April 2, 2010

‘PeePoo’ Converts Waste To Fertilizer

A new single-use biodegradable plastic bag that functions as a single-use toilet can be used in underprivileged countries to grow crops, according to a recent New York Times report.

The Peepoo, which was developed in 2005 by Swedish entrepreneur and professor Anders Wilhelmson, can be used for waste elimination, tied off and then buried. Then, thanks to a special layer of urea crystals, disease-causing pathogens in the waste will be eliminated and the feces converted into usable fertilizer--a far more sanitary option than using a normal plastic bag or simply burying excrement.

"Not only is it sanitary, [but] they can reuse this to grow crops," Wilhelmson told the Times on March 1, adding that he planned to sell the environmentally safe device to the approximately 2.6 billion people who currently do not have access to toilet facilities at a cost of 2 to 3 cents each. "People will say, 'It's valuable to me, but well priced.'"

According to the Peepoo official website, the bag is 14-by-38 centimeters in size and contains a thin layer of gauze as well as the urea coating. Each Peepoo is single use, can be used for either urination or defecation, and is designed so that the user does not have to touch or come in contact with the waste. The bag reportedly remains odor-free for 24-hours after use and requires no water to operate.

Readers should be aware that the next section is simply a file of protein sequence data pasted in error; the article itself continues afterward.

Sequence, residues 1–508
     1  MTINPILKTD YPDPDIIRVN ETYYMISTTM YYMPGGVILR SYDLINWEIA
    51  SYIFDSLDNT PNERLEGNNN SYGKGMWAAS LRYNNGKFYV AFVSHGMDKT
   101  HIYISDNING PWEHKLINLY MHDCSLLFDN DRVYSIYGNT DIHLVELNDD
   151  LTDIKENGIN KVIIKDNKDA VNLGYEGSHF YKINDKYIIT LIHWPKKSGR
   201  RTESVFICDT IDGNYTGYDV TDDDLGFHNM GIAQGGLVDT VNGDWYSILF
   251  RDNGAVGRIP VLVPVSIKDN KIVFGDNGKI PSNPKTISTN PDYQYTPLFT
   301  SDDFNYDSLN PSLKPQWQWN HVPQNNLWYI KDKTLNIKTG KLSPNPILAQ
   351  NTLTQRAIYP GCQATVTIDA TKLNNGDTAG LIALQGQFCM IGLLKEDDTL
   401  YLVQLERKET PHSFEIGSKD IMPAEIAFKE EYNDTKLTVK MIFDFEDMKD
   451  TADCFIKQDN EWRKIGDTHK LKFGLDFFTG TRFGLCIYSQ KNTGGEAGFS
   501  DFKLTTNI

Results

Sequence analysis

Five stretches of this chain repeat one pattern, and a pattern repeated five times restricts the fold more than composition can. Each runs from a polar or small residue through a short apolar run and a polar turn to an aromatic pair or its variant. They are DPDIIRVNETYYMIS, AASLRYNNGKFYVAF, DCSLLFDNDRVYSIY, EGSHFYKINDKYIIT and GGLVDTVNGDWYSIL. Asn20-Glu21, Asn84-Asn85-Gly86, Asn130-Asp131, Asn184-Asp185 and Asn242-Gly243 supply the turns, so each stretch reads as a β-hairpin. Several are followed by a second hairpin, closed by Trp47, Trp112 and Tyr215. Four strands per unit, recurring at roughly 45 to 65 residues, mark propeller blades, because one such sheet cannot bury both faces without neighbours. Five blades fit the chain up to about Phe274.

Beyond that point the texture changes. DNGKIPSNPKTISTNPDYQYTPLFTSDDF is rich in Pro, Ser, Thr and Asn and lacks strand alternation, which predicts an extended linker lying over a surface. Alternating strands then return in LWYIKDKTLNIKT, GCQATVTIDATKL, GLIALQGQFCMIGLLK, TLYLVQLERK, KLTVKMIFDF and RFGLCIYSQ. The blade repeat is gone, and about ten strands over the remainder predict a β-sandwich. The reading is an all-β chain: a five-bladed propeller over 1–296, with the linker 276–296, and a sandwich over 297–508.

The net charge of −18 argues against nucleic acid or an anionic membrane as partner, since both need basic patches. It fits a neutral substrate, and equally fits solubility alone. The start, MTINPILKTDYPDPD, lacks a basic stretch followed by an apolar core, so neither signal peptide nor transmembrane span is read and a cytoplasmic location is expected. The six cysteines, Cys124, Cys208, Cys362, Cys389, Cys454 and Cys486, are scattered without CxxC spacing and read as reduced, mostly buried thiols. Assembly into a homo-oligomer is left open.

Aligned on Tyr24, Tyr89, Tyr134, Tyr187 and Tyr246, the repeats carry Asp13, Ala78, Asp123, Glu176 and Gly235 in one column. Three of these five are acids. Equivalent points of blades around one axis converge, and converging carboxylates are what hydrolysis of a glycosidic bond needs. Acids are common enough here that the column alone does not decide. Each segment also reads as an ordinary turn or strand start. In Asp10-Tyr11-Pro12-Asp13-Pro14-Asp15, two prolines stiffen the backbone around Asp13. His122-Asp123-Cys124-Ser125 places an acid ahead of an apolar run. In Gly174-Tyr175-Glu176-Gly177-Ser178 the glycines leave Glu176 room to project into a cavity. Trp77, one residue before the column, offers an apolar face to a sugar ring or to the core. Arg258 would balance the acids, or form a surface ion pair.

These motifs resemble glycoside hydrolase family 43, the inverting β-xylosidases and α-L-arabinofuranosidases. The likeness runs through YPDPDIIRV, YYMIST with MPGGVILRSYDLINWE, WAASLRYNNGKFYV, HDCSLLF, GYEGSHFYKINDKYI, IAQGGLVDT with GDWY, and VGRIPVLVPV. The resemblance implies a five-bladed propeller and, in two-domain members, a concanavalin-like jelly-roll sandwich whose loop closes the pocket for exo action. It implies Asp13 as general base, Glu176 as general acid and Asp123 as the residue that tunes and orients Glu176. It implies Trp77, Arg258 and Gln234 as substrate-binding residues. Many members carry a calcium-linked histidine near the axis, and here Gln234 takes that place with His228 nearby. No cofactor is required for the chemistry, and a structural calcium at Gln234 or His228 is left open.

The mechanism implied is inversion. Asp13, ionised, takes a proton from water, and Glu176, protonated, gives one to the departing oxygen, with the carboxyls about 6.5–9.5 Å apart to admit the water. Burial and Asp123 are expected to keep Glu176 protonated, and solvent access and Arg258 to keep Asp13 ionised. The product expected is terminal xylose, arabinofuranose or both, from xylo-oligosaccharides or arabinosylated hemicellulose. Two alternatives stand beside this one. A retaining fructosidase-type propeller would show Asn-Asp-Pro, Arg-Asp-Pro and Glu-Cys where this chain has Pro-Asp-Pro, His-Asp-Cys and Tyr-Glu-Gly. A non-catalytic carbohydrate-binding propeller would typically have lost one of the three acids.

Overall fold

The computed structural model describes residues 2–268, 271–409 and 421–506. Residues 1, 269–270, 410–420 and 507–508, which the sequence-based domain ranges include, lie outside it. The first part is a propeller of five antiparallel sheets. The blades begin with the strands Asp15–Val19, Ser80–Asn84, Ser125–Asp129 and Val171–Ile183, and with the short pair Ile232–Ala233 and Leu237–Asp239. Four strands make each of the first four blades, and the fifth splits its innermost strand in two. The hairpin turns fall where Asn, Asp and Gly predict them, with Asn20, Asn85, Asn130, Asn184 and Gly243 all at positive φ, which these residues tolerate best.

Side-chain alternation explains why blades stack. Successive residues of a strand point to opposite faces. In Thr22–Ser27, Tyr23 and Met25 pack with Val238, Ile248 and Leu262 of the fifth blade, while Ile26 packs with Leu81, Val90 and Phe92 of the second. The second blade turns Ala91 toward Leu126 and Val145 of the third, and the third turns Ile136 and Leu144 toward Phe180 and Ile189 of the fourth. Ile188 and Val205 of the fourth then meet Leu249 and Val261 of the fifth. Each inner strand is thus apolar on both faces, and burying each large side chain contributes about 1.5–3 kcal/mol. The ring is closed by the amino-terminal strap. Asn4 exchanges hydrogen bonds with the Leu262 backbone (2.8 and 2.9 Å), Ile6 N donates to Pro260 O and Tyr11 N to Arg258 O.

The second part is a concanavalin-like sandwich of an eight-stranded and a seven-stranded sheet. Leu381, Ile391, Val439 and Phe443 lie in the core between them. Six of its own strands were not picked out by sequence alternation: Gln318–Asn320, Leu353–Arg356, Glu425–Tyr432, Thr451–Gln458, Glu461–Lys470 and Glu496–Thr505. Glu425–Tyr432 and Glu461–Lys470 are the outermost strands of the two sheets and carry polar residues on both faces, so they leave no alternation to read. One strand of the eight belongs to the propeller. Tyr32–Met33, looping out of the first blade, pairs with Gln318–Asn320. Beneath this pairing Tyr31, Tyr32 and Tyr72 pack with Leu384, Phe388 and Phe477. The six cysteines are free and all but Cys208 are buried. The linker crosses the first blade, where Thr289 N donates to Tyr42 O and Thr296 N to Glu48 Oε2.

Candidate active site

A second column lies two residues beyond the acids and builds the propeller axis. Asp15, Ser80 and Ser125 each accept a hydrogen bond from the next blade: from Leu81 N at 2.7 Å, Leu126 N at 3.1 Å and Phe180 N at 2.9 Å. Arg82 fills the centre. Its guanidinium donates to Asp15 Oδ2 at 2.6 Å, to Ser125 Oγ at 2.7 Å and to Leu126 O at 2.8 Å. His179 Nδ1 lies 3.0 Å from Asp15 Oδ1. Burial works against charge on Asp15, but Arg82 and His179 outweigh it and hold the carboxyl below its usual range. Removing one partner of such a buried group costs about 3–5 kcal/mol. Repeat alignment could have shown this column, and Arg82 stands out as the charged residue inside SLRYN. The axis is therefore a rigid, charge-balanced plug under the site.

Furthermore, the Peepoo is biodegradable and manufactured using 45-percent renewable material. Upon breaking down, it turns into carbon dioxide, water, and bio-mass, according to the website. Once the pathogens in the waste content have been killed, the feces them becomes a nitrogen-based fertilizer safe for use on crops in developing countries.


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